Skip to main content


NHL Insider

Taylor Hall getting used to life with Devils

After trade from Edmonton, learning way around New Jersey

by Cristina Ledra @CLedra / Staff Writer

NEWARK, N.J. -- Taylor Hall had about a month to settle down from the shock of being traded from the Edmonton Oilers before being introduced Sunday to New Jersey Devils fans.

During that time, he began to see the positives in his new situation.

"Definitely it was a shocking and overwhelming day (being traded June 29), but a day that I look back on and I'm happy about now, just being here and getting a sense of the city and the vibe and the team, I'm very excited," Hall said.

There was plenty of speculation that the Oilers were going to trade one of their young players, mired in a playoff drought that predates them selecting Hall with the No. 1 pick in the 2010 NHL Draft. But Hall's name wasn't one that typically came up, so though a big Oilers trade wasn't a surprise, his being part of the deal for defenseman Adam Larsson was.

"There were definitely rumors, but you don't actually think it'll happen," Hall said. "You get attached to a team and to a city, and I'm sure the same thing will happen here, I'll have the same connection to this team in a matter of months, but it was just shocking to hear those words and to be traded, but once you get over that and once you start looking at the team and the city and the situation, you get pretty excited, and that's where I'm at now."

Video: Taylor Hall meets with the media at Prudential Center

Devils forward Adam Henrique has helped make the transition go more smoothly with phone calls that started right after the trade. The two played together for Windsor of the Ontario Hockey League, a team Hall joined in 2007 when he was 15.

Hall also credited Devils general manager Ray Shero and coach John Hynes for taking him to breakfast after he arrived in New Jersey on Friday. Hall said, with no disrespect to the Oilers, that he never had a coach come pick him up in his car, or a meal with a coach and general manager, and the experience went a long way to making him feel welcome.

Hall, 25 on Nov. 14, lamented not being around whenever the Oilers become a contender, and not being able to play in Edmonton's new arena in a home jersey, but he's moved on to looking forward to playing on another up-and-coming team in Prudential Center.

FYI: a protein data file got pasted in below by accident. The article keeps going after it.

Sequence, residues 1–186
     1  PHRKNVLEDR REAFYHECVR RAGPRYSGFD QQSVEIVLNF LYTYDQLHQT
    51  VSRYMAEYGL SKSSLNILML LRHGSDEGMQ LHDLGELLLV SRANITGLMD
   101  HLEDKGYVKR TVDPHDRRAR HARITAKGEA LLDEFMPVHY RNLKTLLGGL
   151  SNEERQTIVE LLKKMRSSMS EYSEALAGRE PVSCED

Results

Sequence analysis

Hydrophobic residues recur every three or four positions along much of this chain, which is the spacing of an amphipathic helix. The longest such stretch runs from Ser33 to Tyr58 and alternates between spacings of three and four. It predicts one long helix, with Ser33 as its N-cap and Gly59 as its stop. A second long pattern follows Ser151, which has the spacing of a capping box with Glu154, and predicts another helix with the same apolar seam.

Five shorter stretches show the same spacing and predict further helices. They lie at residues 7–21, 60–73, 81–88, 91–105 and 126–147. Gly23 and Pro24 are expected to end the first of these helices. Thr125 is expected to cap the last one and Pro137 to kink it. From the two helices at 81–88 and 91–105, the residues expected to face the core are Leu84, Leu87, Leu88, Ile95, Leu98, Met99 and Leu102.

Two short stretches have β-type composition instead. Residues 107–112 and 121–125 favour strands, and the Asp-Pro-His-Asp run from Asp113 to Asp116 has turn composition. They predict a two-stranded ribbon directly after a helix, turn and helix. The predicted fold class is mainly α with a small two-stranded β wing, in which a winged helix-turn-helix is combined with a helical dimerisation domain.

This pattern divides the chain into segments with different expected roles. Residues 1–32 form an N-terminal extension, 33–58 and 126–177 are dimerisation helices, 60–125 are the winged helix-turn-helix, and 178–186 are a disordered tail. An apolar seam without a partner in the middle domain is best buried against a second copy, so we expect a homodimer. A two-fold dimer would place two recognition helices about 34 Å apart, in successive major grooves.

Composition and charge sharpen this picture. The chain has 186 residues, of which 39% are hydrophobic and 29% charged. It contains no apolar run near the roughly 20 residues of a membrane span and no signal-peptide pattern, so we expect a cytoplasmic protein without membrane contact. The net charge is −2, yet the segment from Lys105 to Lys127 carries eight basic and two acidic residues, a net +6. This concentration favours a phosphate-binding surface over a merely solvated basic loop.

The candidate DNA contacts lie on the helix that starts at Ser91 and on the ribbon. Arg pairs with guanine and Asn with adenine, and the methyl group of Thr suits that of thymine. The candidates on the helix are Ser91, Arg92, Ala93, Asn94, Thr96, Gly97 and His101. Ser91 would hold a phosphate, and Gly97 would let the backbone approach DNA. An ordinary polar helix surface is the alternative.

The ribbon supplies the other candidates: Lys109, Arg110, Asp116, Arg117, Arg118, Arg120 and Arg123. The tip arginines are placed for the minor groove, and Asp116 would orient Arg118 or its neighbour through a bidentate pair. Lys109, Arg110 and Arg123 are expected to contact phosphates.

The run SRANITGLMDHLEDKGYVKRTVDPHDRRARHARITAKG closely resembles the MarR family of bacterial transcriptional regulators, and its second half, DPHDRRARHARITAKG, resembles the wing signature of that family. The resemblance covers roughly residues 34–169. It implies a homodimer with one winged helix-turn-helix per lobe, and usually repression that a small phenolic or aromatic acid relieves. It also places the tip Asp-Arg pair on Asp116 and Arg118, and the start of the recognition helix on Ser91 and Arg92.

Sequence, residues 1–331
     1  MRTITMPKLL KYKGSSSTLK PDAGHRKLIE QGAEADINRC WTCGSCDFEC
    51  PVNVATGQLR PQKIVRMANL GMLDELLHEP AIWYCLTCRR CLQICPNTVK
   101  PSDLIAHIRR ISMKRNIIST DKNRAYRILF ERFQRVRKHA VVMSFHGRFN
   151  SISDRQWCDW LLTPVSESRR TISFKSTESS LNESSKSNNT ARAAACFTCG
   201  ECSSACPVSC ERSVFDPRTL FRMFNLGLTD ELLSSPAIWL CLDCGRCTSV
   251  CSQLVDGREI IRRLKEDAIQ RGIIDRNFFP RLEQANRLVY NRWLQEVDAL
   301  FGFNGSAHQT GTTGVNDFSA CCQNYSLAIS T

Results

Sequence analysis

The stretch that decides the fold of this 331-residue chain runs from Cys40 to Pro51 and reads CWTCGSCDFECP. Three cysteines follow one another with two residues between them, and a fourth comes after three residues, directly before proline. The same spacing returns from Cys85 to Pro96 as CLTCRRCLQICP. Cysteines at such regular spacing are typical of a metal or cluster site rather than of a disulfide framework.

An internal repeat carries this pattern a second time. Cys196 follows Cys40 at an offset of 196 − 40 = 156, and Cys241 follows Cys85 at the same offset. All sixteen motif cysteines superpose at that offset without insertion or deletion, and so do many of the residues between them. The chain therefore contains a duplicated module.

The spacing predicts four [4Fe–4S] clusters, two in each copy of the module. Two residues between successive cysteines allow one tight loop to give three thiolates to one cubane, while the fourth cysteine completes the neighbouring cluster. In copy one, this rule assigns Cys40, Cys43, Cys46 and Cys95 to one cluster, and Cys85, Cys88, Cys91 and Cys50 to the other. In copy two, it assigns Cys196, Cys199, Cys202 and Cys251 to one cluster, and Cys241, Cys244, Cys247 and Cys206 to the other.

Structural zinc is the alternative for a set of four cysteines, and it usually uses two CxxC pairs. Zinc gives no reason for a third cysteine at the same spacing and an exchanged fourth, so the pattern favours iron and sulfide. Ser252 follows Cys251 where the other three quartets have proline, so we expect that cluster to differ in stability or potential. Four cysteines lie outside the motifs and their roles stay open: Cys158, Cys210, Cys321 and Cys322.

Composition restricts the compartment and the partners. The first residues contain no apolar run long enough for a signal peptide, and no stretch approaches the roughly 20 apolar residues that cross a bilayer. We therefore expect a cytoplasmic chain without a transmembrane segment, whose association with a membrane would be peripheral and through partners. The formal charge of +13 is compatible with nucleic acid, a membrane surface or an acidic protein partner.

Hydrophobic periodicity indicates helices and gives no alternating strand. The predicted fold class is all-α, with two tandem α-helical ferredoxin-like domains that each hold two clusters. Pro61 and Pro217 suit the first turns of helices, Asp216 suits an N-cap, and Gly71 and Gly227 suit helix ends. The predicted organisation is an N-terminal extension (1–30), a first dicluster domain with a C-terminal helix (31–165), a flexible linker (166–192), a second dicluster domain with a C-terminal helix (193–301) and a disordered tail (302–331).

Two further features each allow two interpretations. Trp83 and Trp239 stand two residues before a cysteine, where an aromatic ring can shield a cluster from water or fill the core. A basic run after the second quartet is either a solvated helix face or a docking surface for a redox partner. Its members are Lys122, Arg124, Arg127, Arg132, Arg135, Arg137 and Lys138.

"It didn't work out in Edmonton, or else I wouldn't be here, so I don't want to have to go through that again," Hall said. "But I think this group is maybe just a little bit further along in terms of age, and there's some older guys like [Mike] Cammaleri, like Andy Greene, that have been here quite a while and are established players that I think are really essential in bringing these guys along."

Tweet from @NJDevils: Taylor Hall get suited up in the red & black for the first time!

Hall mentioned the Devils' top six forwards, strong defense and goaltender Cory Schneider, who was a surprise guest at the event Sunday, as reasons to feel good about the move.

"We've always been strong defensive team, a team that plays together, that's been our identity, but I think now when you add in a player like this, it gives somebody for the other teams to really consider and game plan against," Schneider said. "We've done a good job in the last couple of years of scoring by committee, and playing as a group, but now when you have that game-breaking-type player, that's something we haven't had now for a couple years."

Hall, who has 328 points in 381 NHL games, has the usual housekeeping items to take care of, like selling his house in Edmonton and finding a place to live in New Jersey.

"It's different, it's not what I'm used to," Hall said. "Even driving along, the toll booth is a very foreign concept to me. I'm used to just kind of driving wherever you want. There's a lot of things are different. But I really do mean it, change is good sometimes. You only grow when you're put in unusual spots, and I'm excited."

View More

The NHL uses cookies, web beacons, and other similar technologies. By using NHL websites or other online services, you consent to the practices described in our Privacy Policy and Terms of Service, including our Cookie Policy.